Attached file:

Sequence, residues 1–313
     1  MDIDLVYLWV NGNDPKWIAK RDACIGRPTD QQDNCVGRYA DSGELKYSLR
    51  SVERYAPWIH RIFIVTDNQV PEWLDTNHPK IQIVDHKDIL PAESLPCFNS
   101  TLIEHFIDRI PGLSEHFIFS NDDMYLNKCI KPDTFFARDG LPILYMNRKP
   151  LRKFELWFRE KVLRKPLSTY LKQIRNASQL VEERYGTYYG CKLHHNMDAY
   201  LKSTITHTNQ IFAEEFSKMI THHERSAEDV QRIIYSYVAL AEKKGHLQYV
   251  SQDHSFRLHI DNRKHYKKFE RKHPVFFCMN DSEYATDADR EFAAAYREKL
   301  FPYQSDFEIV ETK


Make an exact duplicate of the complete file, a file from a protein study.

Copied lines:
Sequence, residues 1–313
     1  MDIDLVYLWV NGNDPKWIAK RDACIGRPTD QQDNCVGRYA DSGELKYSLR
    51  SVERYAPWIH RIFIVTDNQV PEWLDTNHPK IQIVDHKDIL PAESLPCFNS
   101  TLIEHFIDRI PGLSEHFIFS NDDMYLNKCI KPDTFFARDG LPILYMNRKP
   151  LRKFELWFRE KVLRKPLSTY LKQIRNASQL VEERYGTYYG CKLHHNMDAY
   201  LKSTITHTNQ IFAEEFSKMI THHERSAEDV QRIIYSYVAL AEKKGHLQYV
   251  SQDHSFRLHI DNRKHYKKFE RKHPVFFCMN DSEYATDADR EFAAAYREKL
   301  FPYQSDFEIV ETK